The Curious Case of… the un-killable thread

(The Curious Case of… used to be part of our bi-weekly newsletter but we decided to make it a regular blog post instead so it can sometimes be more frequent. It covers something interesting one of us encountered when working with a client, doing some testing, or were asked in a random question from the community.)

While I was teaching IEPTO2 last week, I was discussing why sometimes a thread cannot be terminated using the KILL command, and thought it would make a great topic for a post.

Some of you have likely seen a phenomenon called a non-yielding scheduler. This is where a thread is using the processor and doesn’t voluntarily yield after using more than the thread quantum (4 milliseconds, unchangeable). There’s a background task called the scheduler monitor that checks that progress is being made on the various schedulers inside SQL Server and issues a warning if it finds a problem. For a non-yielding scheduler, you’ll see error 17883, as below:

Process 56:0:0 (0xdee) Worker 0x041611F6 appears to be non-yielding on Scheduler 2.
Thread creation time: 13884536031127. Approx Thread CPU Used: kernel 18 ms, user 263 ms.
Process Utilization 0%. System Idle 98%. Interval: 331220558 ms.

There are a variety of reasons these can occur, including I/O subsystem issues, slow calls out to a Windows API, or SQL Server bugs.

In the SQL Server bug case, it’s because the thread entered some code where it’s able to loop without checking whether the 4ms quantum has expired (by calling the SQLOS function YieldAndCheckForAbort, or one of a few variants). If the thread doesn’t check whether the quantum has expired, it won’t know, and so won’t yield, and then you’ve got a non-yielding scheduler. The bug is that there’s a missing call to YieldAndCheckForAbort.

Your first impulse will likely be to KILL the offending SPID, but you can’t. Well, you can run the command, but it likely won’t do anything. This is because there’s no way to *force* a thread to terminate from within SQL Server. The thread has to check whether it’s been asked to terminate, and then it terminates itself (and any sub-threads it may have created if it’s doing a parallel operation). And guess where that check is done? In the YieldAndCheckForAbort function! So if the thread doesn’t ever check, it won’t know, and so won’t terminate.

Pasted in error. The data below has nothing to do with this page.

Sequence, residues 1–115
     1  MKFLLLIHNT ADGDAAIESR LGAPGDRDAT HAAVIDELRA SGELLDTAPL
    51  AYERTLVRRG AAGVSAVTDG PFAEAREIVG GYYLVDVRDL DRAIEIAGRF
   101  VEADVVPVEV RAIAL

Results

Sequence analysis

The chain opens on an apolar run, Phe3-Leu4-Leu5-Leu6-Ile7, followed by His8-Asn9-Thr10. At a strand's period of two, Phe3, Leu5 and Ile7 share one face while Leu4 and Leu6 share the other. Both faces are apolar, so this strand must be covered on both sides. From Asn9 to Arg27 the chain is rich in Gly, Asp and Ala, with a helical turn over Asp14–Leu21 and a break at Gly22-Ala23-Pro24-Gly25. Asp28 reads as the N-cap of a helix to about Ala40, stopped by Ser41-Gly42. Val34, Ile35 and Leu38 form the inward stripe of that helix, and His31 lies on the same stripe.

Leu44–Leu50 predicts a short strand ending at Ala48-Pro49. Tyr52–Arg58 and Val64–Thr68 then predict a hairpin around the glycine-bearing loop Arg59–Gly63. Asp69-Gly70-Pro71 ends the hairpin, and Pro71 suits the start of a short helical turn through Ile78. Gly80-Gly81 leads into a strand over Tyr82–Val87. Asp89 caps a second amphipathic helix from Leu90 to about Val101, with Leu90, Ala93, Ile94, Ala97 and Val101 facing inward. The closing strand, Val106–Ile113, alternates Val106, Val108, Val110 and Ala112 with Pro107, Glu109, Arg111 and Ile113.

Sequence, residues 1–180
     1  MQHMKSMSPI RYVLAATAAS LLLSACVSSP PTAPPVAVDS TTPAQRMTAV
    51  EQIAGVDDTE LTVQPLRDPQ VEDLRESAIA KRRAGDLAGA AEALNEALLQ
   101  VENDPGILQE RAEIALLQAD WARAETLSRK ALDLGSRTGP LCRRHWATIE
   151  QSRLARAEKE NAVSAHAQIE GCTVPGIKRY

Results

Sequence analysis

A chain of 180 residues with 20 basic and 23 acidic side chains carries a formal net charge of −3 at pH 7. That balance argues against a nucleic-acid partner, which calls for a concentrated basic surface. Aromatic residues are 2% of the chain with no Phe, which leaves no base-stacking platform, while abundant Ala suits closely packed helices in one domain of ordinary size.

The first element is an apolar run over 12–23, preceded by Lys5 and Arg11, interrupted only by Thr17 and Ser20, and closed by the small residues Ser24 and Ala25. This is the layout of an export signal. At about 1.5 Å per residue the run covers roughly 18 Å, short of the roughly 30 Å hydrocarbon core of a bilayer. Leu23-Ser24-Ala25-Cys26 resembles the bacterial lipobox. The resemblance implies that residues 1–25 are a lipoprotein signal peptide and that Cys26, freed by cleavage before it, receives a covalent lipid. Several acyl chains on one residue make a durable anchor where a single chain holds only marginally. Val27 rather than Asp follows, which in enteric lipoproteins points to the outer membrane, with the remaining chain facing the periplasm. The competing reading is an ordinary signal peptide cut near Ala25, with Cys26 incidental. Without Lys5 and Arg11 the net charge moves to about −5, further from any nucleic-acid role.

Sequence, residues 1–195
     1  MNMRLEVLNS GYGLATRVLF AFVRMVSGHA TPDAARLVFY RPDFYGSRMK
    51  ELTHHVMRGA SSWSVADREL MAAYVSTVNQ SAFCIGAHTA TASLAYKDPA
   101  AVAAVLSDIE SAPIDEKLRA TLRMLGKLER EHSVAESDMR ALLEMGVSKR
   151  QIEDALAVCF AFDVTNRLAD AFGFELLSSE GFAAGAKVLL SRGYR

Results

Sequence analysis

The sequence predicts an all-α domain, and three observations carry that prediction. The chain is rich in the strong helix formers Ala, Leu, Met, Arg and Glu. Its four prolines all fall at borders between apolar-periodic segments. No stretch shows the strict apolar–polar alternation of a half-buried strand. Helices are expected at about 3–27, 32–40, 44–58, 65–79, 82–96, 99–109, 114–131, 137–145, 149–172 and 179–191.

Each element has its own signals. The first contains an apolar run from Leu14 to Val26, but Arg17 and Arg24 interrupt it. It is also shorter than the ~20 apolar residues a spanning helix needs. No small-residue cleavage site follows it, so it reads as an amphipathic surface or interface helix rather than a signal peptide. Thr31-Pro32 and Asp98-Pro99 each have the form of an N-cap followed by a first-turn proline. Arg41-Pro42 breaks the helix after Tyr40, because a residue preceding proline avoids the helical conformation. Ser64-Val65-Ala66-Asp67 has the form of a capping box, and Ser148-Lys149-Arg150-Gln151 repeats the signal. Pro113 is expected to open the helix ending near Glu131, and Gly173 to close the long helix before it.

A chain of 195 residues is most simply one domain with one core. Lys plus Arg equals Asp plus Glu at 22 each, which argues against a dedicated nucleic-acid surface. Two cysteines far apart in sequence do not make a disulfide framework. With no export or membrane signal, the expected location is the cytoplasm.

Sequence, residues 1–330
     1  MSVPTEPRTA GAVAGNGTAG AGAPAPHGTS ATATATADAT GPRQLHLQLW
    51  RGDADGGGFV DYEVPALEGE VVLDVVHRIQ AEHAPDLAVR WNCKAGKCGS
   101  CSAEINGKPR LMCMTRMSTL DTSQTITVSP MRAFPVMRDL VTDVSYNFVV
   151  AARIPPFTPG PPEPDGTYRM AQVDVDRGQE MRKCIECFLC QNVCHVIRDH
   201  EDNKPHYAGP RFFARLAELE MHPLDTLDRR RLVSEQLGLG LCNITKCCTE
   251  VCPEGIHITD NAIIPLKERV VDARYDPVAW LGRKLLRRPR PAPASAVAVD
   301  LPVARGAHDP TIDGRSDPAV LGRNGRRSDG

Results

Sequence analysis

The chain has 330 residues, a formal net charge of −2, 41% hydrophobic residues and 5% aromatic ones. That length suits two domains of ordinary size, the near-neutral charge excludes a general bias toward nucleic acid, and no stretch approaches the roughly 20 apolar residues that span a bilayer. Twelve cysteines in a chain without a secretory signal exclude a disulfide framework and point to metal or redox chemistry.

And that’s why sometimes if the non-yielding scheduler doesn’t resolve itself, you end up having to restart SQL Server.

11 thoughts on “The Curious Case of… the un-killable thread

    1. No, it can’t, for exactly the reasons I described in the post. It can’t interrupt what the non-yielding thread is doing. Otherwise, there would be no need to reboot in some of these cases, would there?

  1. Hi Paul,

    Are there other options besides restarting the instance? I know that killing the non-yielding OS thread is not a good practice…. but if we have a large 24×7 instance with dozens of databases, different apps depending on it, and a strict SLA… is it worth the risk? Is there any way to evaluate the impact of doing that depending on the current thread stack?

    1. No – you should never kill a SQL Server thread from the OS – that’s likely to end up crashing SQL Server, depending on what the thread is doing. And no, because you can’t tell what resources the offending thread is holding – e.g. a lock, which would then never be released.

  2. Under what circumstances thread doesn’t yield . I have seen preemptive cases where call to O/S is made . Any Proof of concept scenario to create non yielding thread

  3. Paul, how are you?

    In this case, when we use Linked Server and stop the execution on Origin or do a Kill on the server that gets the data, the sessions sometimes stay for some time.

    In the case of Kill, is “YieldAndCheckForAbort” triggered until the next quantum is evaluated?

    1. No – when there’s a linked server involved, the thread goes preemptive, which means it will wait until it gets a response from the linked server. The local thread cannot be killed because that would leave an orphaned request on the remote server.

  4. Hi Paul,
    Can this non-yielding scheduler cause CPU spike to 100% considering I/O subsystem is not a suspect?

    1. It entirely depends on what the cause of the non-yielding scheduler is, and what other threads may be impacted by it, depending on what they’re doing. If you see 100% CPU but don’t see the non-yielding thread message in the error log, that’s not the cause of the 100% CPU. Plenty of much more likely things would cause that.

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